Thomas Sipos: ‘Libertarian candidates must earn votes from libertarians’

Thomas Sipos writes at Libertarian Peacenik (excerpt):

The socialist Peace and Freedom Party candidate, Richard Castaldo, advocates the following positions on his home page:

1. Defund all wars of imperialism, including Iraq, Afghanistan, and Pakistan.

2. Single-payer not-for-profit healthcare.

3. Abolish corporate “personhood.” Rights belong to human beings, not corporations.

4. Terminate the Patriot Act and restore the Bill of Rights.

5. End corporate bailouts and create green jobs.

Castaldo’s positions 1 and 4 are entirely libertarian. Many libertarians would agree with position 3. Position 5 is at least half libertarian. Only position 2 is clearly anti-libertarian.

Two out of five of Castaldo’s positions (1 and 4) directly, aggressively, and unapologeticly address the core issues of our expanding wars and increasing loss of freedoms.

Why is the socialist Peace and Freedom Party more vocally libertarian on these key issues than the so-called Libertarian Party?

Do you see why I’m no longer a registered Libertarian? Why I’ve registered non-partisan and ignore party labels?

I’m not saying who I’ll be voting for this November. But antiwar voters should educate themselves about every candidate, in every state and district. Then vote based on the issues that the candidates advocate (vocally and aggressively, not buried in some fine print). Don’t waste your vote on something as meaningless as party labels.

Libertarian candidates must earn votes from libertarians, not be given votes simply because candidates have an L before their names.

34 thoughts on “Thomas Sipos: ‘Libertarian candidates must earn votes from libertarians’

  1. Adrian Galysh

    Not sure what you are driving at, most, if not all Libertarians I know are very vocal about ending the wars, repealing the Patriot act, and ending corporate bailouts.

  2. Robert Capozzi

    Sipos uses language in an odd way. How “Defund all wars of imperialism…” is “directly, aggressively, and unapologeticly” addressing “core” issues escapes me. How about “End” rather than “Defund”, for starters?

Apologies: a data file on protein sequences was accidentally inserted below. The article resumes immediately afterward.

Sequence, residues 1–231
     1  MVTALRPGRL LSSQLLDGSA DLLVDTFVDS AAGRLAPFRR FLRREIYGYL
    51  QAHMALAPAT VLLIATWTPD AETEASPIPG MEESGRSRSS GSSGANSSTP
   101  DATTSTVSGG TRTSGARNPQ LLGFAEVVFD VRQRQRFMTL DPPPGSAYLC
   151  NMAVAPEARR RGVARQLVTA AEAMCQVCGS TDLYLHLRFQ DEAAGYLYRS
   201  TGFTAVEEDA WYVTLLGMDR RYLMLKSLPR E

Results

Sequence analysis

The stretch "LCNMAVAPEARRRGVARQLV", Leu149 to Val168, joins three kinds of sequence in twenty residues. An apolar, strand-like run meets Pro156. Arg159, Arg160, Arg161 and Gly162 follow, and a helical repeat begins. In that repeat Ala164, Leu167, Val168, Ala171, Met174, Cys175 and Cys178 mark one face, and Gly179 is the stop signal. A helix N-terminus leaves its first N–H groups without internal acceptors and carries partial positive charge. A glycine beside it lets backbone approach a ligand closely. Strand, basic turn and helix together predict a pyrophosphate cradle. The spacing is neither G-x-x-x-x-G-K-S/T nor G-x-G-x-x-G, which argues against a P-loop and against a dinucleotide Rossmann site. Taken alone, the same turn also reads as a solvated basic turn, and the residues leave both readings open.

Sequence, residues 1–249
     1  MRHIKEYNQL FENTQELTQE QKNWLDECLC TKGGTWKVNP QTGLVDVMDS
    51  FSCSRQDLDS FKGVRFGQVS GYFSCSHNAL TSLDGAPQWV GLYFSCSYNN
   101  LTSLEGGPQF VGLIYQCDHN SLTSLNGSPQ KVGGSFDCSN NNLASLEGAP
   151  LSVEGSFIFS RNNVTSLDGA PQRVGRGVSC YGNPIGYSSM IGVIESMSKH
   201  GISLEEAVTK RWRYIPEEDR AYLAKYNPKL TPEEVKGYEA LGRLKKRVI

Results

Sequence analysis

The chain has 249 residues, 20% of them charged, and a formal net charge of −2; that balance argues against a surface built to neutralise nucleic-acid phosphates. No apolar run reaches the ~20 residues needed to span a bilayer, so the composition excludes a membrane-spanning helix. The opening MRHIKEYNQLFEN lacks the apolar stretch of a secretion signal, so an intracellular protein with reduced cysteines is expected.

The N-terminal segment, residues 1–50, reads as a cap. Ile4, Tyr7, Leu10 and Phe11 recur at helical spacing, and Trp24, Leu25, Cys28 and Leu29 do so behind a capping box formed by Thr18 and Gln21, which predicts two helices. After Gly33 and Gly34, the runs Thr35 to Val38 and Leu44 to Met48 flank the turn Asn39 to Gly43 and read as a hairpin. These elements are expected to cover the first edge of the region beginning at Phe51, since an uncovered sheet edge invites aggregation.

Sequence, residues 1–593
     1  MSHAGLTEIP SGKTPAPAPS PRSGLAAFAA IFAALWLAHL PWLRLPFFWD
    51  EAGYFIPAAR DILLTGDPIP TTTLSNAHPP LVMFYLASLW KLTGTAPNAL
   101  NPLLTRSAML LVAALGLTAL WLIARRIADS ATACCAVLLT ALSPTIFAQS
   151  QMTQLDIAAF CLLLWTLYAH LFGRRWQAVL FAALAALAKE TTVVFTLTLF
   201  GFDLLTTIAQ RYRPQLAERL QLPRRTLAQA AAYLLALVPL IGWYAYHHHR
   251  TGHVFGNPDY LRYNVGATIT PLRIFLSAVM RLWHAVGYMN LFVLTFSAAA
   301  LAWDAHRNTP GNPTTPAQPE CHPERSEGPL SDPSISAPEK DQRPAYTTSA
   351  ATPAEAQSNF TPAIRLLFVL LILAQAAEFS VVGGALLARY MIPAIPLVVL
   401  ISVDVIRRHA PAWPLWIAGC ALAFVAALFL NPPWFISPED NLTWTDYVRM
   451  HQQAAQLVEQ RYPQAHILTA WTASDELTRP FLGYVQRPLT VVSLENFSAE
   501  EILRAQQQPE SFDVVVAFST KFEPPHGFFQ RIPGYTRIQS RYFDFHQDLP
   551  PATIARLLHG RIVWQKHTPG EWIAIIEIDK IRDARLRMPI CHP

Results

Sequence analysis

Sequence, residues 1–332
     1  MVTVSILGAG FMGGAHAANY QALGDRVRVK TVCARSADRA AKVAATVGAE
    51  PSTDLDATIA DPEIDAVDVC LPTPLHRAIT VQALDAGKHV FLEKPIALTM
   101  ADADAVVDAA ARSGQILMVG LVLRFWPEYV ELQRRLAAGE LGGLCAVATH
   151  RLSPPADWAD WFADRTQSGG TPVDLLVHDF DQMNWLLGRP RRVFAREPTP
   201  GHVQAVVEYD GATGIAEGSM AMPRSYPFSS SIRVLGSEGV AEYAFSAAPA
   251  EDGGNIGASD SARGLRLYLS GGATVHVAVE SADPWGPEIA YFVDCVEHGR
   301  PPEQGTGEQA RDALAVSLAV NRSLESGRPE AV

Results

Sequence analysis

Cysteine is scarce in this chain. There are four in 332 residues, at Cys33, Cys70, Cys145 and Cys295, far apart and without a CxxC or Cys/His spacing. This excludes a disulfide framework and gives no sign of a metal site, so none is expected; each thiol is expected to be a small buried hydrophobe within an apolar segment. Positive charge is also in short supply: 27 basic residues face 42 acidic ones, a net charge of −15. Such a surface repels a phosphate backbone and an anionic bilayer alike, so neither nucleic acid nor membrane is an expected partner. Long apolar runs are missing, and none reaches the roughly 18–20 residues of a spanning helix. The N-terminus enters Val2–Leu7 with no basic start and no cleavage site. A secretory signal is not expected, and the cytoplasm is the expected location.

Mounting the modern-day soapbox, i.e., putting up a campaign website, is not especially consequential. This P&F candidate’s checks can’t be cashed.

    Sipos may require a certain amount of stridency on the issues he considers core, and that’s his business and his right, as is his party affiliation. It’s interesting that he seems to see sufficient stridency from a non-L candidate’s tepid (IMO) call for mere “defunding.”

    Whatever.

  3. Thomas L. Knapp

    Bob,

    Castaldo is running for Congress.

    Even if elected, he would little or no power to “end” any wars. The executive branch’s claim to broad military powers are illicit and unconstitutional, but they’ve withstood all challenges for 150 years now.

    As a congressman, however, Castaldo would have a vote on what Congress does control — the purse strings.

  4. Robert Capozzi

    tk, I’m unaware of an instance where Congress challenged the power of the executive to wage war. I’m also unaware of an instance where Congress defunded a war effort when the Executive branch objected. Has there ever been an actual challenge?

    If a war were ended through defunding, that ends the war. Why make such a procedural point in a campaign? MNR might call that “namby pamby.” Seems like Brother Sipos wants the banner held high “vocally and aggressively, not buried in some fine print.” “End” should be the headline; “defund” in the fine print.

    In addition, corporations are incorporated at the state level, not federally, last I checked, so if Castaldo is being careful with jurisdictions and delegation of powers, he might want to check into that one, too.

  5. Ted Brown

    In the same district, CD30 (incumbent Henry Waxman), there is a Libertarian candidate. He is Erich Miller, who is certain a hard core libertarian. I don’t see why Mr. Sipos has a problem with the Libertarians running this time.

  6. Tom Blanton

    Libertarian candidates must earn votes from libertarians, not be given votes simply because candidates have an L before their names.

    You would think that goes without saying. But, if you did think that, you’d be wrong.

    It seems a great number of libertarian candidates forget to mention America’s imperial foreign policy along with a number of other important issues – as if the conservatives they think they are targeting will ever vote for anyone other than a Republican.

    LP candidates that don’t advocate strong libertarian positions do the LP and the wider libertarian movement a disservice. In fact, they are worthless. They know they have little to no chance of winning an election. If they aren’t using their campaign to educate the general public, they may as well stay home and engage in self-gratification while viewing Sarah Palin or Wayne Root pin-up photos.